Controversy surrounds attempts to repair the damage, not least of which is the protest over a certain statue in Szabadság Tér, Freedom Square, in central Budapest. The statue’s eagle assailing Archangel Gabriel is meant to be allegorical, symbolising the who-did-what-to-whom: the Nazi state victimising the Hungarian nation. ‘Statues are controversial anywhere in the world,’ says Fischer. This one has proved exceptionally so.
For many, such as the historian Krisztián Ungváry, the statue is a falsification on several levels, not least of which is the responsibility of the Hungarian state and its agents for the deportation of Hungary’s Jews. The allegory remains a potent political focal point. ‘There is no possibility of serious discussion of history because,’ says Fischer, ‘it’s all linked to politics.’ Indeed, many construe it as a politicisation of history. ‘Hungary should have published everything straight away,’ says Fischer, straight away being after regime change.
Silences – or missing pieces – are not infrequent in Hungary’s narrative, and relate not just to Hungary’s wartime behaviour but to 1956, too. ‘The funny thing about 1956,’ says Fischer, ‘is that there’s almost nothing written in fiction.’ One way or another, through fiction or non-fiction, it often falls to a second generation to give the first a voice. The revolutionary year of 1956 is simply Fischer’s centre of gravity: ‘That’s the reason I’m here,’ he says. ‘That’s why I’m a British novelist and not a Hungarian one. At least I have some chance of earning a living writing in English. If you write in Hungarian, forget it.’
Yet the British novelist, writing about Hungarian events and history, succeeded in creating the narrative voice of a consummate insider: ‘The thing that pleases me most about that novel,’ says Fischer of his Booker-shortlisted debut, ‘is that there are a lot of ’56 people who think I was there.’ That’s partly hard evidence of the writer’s talent, and partly of the subtle osmotic processes that take place when writers are born into families. The family, contrary to what Philip Roth once suggested, doesn’t necessarily die when a writer is born into it. Some families are brought to life, along with the experiences that formed them. ‘I didn’t write Under The Frog because I wanted to write family history,’ says Fischer. ‘It happened to be family history.’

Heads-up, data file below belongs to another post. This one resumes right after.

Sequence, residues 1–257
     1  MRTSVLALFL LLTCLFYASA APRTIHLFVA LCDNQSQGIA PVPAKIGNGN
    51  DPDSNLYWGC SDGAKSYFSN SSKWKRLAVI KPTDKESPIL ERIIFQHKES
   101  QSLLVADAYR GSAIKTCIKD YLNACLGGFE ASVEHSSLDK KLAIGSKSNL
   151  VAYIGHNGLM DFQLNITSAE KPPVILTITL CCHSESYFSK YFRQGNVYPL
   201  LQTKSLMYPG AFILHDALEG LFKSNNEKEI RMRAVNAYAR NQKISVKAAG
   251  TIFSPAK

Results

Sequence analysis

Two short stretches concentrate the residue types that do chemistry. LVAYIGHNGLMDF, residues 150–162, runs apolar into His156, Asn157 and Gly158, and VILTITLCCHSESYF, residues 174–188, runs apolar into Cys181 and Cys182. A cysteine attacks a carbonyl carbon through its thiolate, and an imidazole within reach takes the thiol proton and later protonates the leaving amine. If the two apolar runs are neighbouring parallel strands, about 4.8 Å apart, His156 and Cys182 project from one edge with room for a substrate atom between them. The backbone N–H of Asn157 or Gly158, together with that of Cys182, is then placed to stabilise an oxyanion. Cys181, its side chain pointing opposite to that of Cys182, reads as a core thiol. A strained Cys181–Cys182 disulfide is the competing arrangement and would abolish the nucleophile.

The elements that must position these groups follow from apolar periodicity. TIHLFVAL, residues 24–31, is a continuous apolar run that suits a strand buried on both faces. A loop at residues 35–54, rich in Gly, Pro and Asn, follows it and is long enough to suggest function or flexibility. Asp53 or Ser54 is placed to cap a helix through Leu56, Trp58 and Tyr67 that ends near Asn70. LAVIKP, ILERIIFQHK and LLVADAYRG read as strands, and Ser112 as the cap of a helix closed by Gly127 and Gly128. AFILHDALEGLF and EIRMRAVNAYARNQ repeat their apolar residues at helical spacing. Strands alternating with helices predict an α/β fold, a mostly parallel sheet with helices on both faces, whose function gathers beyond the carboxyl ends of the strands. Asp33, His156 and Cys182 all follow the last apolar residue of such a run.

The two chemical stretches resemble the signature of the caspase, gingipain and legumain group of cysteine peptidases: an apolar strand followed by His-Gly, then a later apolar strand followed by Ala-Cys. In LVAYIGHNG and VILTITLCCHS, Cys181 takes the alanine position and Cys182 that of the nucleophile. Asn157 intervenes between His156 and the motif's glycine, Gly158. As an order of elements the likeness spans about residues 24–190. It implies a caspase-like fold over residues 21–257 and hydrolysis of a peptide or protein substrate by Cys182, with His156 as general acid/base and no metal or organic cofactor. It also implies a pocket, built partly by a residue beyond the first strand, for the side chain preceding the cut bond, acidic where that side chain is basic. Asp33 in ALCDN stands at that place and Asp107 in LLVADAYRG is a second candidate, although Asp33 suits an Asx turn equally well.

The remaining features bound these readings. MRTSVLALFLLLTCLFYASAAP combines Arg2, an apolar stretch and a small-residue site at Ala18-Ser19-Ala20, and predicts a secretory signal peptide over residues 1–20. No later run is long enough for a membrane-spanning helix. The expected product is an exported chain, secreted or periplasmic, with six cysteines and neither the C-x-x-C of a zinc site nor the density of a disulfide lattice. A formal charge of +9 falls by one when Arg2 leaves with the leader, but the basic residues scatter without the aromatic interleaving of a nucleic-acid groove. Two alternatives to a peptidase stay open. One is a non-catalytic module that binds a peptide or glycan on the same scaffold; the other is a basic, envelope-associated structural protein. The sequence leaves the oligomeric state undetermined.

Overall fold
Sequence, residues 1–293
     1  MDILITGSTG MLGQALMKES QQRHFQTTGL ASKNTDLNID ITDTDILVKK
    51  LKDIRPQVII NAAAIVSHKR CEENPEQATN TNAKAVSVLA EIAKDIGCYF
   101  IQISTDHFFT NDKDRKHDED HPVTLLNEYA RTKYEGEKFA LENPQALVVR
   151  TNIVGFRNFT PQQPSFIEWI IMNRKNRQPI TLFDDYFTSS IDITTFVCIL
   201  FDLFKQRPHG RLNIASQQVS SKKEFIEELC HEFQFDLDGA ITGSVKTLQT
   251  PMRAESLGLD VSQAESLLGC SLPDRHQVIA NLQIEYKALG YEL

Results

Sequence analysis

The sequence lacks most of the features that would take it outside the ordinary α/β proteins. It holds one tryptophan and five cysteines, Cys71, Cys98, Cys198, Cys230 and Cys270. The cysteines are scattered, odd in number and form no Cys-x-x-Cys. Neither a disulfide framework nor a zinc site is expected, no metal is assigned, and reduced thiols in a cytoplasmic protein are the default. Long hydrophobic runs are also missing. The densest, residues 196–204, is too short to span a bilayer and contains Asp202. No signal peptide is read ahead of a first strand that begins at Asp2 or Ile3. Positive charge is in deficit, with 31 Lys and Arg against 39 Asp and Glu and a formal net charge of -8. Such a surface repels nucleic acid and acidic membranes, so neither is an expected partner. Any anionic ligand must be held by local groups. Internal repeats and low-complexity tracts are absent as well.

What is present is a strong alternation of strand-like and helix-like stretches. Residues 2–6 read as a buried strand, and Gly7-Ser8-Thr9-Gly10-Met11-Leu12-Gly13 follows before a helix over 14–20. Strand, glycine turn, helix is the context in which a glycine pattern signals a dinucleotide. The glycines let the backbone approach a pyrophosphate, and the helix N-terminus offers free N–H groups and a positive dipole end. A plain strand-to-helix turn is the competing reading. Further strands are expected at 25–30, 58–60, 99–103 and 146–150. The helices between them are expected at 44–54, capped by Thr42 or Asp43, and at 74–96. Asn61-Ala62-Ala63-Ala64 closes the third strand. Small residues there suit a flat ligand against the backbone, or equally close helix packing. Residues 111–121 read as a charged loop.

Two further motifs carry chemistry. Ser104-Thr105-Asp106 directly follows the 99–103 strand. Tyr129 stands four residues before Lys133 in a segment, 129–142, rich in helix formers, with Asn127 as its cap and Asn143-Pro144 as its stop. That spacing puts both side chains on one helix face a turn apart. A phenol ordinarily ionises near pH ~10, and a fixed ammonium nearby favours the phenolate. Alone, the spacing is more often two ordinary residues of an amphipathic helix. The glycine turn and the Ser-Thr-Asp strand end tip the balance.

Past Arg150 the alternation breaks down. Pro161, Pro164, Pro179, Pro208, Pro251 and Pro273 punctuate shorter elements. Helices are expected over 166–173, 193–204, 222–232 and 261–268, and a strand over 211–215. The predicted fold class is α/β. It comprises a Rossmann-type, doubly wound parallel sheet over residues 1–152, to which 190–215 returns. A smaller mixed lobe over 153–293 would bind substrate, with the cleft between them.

Fischer’s parents didn’t return to Hungary for three decades. In fact, it would have been politically ‘awkward’ for them to do so given that Fischer’s father worked for the BBC which, in the days of the Cold War, was synonymous with working for one secret service or other. But their experiences provided the spring for the novel. In particular, Fischer’s father and godfather were members of the National Railways ‘Lokomotiv’ basketball team travelling to games around the country while dreaming of life outside it. Because Fischer’s whole family is Hungarian, ‘my whole life was research for the book’, including the experience of going to Hungary for the first time aged 22 in 1981, surviving its ‘severe hospitality’, meeting relatives, visiting family graves and horse riding on the puszta. ‘It’s always been there,’ he says. ‘I suppose because it’s part of me, I don’t think about it that much. Do I feel English or Hungarian? I feel like me.’
Perhaps, then, it’s more a question of London or Budapest: ‘I feel very at home in Budapest,’ says Fischer. ‘It’s one of my favourite places.’ London, by contrast, ‘is just so fucking punishing. I cannot go out and come back in a better mood. Budapest is a great city, big enough to have everything but you can still walk from one end to the other in an hour. You don’t have to plan your social life like a military campaign.’
There exists then a small sub-clause to Fischer’s last will and testament: ‘I always feel more creative in Budapest. I’m always in a better mood.’ A departure gate remains open to a creative space, and a creative space is, after all, a writer’s country. After two decades of preoccupation with Hungary, with a vigorous sideline of fiction, including The Thought Gang, The Collector Collector and Good to be God, and story collections, including Don’t Read This Book If You’re Stupid, Fischer really is ready to call it a day. Wherever his creativity takes place, he emphasises, ‘that’s the end of my involvement with Hungarian politics’.
Tibor Fischer’s The Hungarian Tiger is available on Amazon Kindle, priced 99p.
Nick Barlay is a British-born author and journalist whose Hungarian Jewish parents escaped to Britain in 1956. Scattered Ghosts is the 200-year story of his family through war, Holocaust and revolution.